The establishment of the musculoskeletal FE model

A 40-year-old healthy male volunteer was recruited for our study, which excluded severe degenerative diseases, tumors, deformities, or trauma involving the lumbar spine. This study is approved by the Institutional Review Board of the First Medical Center of the General Hospital of the People’s Liberation Army, and a written informed consent was obtained from the computed tomography (CT) volunteer. This study was conducted in accordance with the principles of the Declaration of Helsinki. The volunteer’s CT scans of the lumbosacral vertebrae were obtained (0.5 mm thick). The data were stored in the DICOM format, and a 3D model was reconstructed using Mimics 24.0 (Materialise, Belgium). Bone and soft tissues were reverse reconstructed using Geomagic Studio 2013 (Geomagic, USA), component assembly, and FE modeling pre-processing in Abaqus 2016 (SIMULIAInc, USA), and the solid part of the model was partitioned using C3D8R units. Owing to the complexity of the model, only a small number of C3D4 and C3D6 units were used. T3D2 units were used to simulate the ligament structure. The surface contact element was used to simulate the joint surface, and the friction coefficient of the joint surface was 0.1. An FE analysis was then conducted. The organization and structure of the model were assigned material attributes, as listed in Table 1, and the normal lumbosacral vertebral FE model was established.

Table 1 Material properties assignment of the FE model

In this study, a proven FE model of the lumbosacral vertebrae loaded with a multifidus was used. Based on the anatomical characteristics of the multifidus, reference points were established between the spinous processes and the corresponding mammillary processes at the back of each lumbar vertebrae and were bound using the T3D2 spring units; a total of 11 muscle bundles were established, as shown in Fig. 1. According to the Hill’s study on the skeletal muscle mechanics [18], the muscle tensioning force T0 strongly depends on the muscle retention length L0. The muscle strength of 11 pairs of multifidus muscles followed a fixed proportional relationship, and the muscle force of the multifidus was assigned; thus, this study assumed that muscle force is positively correlated with muscle length. The active tensioning force of the multifidus was adjusted according to the displacement distance and muscle length changes in different motion modes [19].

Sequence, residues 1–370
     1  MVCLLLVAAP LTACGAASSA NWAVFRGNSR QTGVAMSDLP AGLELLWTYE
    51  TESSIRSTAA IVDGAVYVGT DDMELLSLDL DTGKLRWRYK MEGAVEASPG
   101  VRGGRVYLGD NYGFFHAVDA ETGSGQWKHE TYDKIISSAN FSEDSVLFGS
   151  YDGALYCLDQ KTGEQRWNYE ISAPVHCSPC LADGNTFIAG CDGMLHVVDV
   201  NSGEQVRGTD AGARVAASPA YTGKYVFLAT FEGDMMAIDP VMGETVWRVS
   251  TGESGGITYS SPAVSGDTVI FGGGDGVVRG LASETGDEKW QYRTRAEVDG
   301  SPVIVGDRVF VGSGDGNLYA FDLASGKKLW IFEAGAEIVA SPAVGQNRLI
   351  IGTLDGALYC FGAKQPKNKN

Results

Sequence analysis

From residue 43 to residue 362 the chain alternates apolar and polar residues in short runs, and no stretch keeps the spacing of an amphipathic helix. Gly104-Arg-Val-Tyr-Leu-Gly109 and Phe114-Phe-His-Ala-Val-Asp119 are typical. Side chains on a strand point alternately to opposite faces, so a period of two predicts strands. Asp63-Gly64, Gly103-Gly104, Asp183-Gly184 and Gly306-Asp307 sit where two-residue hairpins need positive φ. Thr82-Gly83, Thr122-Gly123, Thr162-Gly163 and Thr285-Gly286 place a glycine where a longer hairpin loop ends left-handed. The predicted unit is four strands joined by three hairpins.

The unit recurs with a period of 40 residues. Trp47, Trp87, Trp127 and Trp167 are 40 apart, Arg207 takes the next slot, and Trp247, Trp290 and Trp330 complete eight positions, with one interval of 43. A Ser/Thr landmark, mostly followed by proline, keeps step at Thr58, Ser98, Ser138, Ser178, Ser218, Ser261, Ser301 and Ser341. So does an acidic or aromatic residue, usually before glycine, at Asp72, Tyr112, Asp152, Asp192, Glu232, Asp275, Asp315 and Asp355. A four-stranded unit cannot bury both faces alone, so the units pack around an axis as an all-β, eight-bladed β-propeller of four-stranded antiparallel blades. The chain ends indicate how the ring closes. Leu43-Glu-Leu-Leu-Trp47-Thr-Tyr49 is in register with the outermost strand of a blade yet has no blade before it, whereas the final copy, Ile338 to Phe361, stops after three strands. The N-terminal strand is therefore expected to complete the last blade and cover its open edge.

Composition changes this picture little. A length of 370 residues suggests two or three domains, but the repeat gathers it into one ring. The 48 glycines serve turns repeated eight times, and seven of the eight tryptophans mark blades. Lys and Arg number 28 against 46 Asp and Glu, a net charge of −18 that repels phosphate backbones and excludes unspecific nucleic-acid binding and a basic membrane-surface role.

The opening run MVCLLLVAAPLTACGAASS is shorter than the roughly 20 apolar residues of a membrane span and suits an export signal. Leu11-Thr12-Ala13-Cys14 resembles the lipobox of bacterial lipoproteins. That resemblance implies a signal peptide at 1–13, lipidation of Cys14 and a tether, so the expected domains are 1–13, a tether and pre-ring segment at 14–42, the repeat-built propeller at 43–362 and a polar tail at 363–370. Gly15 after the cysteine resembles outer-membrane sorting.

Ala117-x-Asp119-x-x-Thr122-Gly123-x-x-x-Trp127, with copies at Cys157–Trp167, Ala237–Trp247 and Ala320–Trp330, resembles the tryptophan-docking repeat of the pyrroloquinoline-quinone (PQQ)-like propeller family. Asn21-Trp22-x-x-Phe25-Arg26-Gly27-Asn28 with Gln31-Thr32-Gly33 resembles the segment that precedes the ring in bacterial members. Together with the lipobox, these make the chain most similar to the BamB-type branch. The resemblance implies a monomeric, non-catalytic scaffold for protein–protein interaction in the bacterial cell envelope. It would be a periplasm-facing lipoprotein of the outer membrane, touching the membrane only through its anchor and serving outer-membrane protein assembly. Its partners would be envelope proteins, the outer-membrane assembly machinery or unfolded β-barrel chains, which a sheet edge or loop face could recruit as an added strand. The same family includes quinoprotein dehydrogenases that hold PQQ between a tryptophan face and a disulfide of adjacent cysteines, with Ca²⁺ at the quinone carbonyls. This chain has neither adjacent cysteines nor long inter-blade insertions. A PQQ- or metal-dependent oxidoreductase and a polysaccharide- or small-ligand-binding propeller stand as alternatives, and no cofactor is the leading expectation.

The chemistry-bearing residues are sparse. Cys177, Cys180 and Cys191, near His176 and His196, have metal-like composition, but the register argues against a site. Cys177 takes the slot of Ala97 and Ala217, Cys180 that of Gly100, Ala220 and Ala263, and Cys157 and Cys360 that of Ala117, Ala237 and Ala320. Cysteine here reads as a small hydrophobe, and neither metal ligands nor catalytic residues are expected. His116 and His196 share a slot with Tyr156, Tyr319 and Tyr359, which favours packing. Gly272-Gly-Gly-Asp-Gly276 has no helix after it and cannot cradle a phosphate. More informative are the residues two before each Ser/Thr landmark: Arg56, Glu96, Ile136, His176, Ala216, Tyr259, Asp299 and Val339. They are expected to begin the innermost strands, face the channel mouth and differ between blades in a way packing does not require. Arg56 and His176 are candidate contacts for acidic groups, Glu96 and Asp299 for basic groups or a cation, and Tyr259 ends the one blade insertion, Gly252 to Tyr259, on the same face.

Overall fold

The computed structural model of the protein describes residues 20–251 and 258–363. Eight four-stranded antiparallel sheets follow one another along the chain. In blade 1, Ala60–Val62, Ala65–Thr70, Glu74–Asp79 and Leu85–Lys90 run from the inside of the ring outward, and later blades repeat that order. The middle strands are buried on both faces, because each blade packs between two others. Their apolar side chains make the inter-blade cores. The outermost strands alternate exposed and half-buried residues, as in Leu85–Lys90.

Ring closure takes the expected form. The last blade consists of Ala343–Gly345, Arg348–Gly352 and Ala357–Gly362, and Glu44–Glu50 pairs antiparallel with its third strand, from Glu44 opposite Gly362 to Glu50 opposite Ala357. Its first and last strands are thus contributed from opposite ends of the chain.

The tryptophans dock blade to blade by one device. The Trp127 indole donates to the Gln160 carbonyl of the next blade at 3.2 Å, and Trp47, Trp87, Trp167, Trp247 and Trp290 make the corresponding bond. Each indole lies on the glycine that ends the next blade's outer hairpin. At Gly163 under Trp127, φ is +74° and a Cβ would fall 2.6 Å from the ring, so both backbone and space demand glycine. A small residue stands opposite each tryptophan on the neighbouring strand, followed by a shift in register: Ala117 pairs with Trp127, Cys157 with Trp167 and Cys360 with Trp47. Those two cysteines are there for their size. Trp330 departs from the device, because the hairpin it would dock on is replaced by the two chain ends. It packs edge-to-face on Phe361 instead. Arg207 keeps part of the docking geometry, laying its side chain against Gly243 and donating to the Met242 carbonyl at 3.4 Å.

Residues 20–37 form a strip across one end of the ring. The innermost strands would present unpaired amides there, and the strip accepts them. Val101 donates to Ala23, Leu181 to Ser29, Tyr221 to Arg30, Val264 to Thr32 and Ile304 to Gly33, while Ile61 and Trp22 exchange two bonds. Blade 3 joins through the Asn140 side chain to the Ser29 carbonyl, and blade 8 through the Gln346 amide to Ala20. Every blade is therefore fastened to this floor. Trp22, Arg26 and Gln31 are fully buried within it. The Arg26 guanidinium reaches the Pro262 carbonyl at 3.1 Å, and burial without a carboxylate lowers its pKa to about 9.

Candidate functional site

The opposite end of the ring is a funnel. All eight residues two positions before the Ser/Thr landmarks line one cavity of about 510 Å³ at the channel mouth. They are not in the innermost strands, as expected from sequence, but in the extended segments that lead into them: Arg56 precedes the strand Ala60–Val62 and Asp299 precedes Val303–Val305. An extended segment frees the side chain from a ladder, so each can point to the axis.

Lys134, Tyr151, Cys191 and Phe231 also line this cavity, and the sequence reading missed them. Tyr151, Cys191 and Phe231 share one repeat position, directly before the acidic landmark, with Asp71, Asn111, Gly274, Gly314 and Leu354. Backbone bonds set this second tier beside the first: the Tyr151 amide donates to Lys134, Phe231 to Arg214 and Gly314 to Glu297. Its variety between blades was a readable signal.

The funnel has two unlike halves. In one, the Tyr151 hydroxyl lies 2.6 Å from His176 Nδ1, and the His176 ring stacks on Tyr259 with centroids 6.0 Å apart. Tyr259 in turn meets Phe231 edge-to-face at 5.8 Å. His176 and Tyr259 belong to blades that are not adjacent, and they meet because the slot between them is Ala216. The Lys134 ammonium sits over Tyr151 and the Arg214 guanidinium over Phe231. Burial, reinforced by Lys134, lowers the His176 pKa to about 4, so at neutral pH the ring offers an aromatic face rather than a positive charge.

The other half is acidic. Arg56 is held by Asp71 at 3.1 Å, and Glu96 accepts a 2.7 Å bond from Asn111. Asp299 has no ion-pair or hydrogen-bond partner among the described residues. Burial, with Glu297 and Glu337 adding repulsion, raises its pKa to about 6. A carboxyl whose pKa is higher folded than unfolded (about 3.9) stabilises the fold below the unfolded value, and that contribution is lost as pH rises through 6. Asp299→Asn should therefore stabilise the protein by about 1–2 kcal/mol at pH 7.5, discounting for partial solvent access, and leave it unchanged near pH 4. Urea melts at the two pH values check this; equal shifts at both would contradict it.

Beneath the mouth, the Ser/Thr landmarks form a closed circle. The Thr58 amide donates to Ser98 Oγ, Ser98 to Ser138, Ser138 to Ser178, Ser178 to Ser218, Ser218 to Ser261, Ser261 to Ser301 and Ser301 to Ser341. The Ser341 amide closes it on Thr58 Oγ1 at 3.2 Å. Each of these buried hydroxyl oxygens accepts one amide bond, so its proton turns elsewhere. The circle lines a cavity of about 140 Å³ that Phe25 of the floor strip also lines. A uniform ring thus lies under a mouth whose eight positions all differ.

Fig. 1
figure 1

The FE model of the intact lumbosacral spine including the multifidus

(a) posterior view; (b) lateral view (Yellow lines represent the excised proximal multifidus)

Establishment of a PLIF model based on proximal multifidus injury

In this study, a complete physiological model loaded with a multifidus was used as the normal model (NM). L4/5 PLIF was performed. The L4/5 disc was replaced with cancellous bone, and the contact mode with the upper and lower endplates was adjusted to no relative movement. The unloaded spring element model simulated the severing of the multifidus. According to the standard PLIF procedure, one pair of the L4-S multifidus was severed by resecting the bottom half of the L4 spinous process, and the posterior fusion model (PFM) of the L4/5 was obtained.

Similarly, three pairs of the proximal multifidus (L1-L4, L1-L5, and L2-L5) terminating at the L4 and L5 mammillary processes were severed, and L4 total laminectomy and interbody fusion were performed to obtain a PFM of total laminectomy (TLPFM). In addition, the right hemi-laminectomy PFM (HLPFM) protecting the partial proximal multifidus was established, with only two severed multifidus muscles terminating at the left mammillary process of the L5 (L1-L5 and L2-L5 of the left).

Boundary and loading conditions

In this study, the boundary and loading conditions were based on Yamamoto’s in vitro studies [20]. The motion of the sacrum in all directions was assumed to be limited, and a vertical compressive preload of 500 N was applied to the upper endplate of the L1 vertebra to simulate body weight.

A 10-Nm moment was imposed on the upper endplate of the L1 vertebra, and four directions of motion were completed, including flexion (FL), extension (EX), lateral bending (LB), and axial rotation (AR). Except for the HLPFM, the other three models only used the left LB and left AR instead of the bilateral motions to simplify the experimental procedure. According to Bojairami [19], after adjusting the multifidus tensioning force of the NM, the other surgical groups were set to the connector state.

Mesh sensitivity analysis

In this study, a mesh sensitivity analysis of the NM was performed. Most of the elements were divided into 8-node hexahedral elements, and the mesh size was changed (3, 2.5, 2.0, 1.5, and 1.0 mm) respectively. Under the same boundary and loading conditions as described above, the movement of the sacral vertebrae in all directions was restricted; a vertical compressive load of 500 N was applied to the upper endplate on the L1, and the maximum intervertebral von Mises stress trend of the L4/5 intervertebral disc was obtained. When the mesh size was of < 1.0 mm, the resulting stress tended to be stable (change of < 5%), and the mesh could be considered convergent [21]. The mesh size was adjusted to 1.0 mm to improve the accuracy of the unit simulation and the convenience of calculation.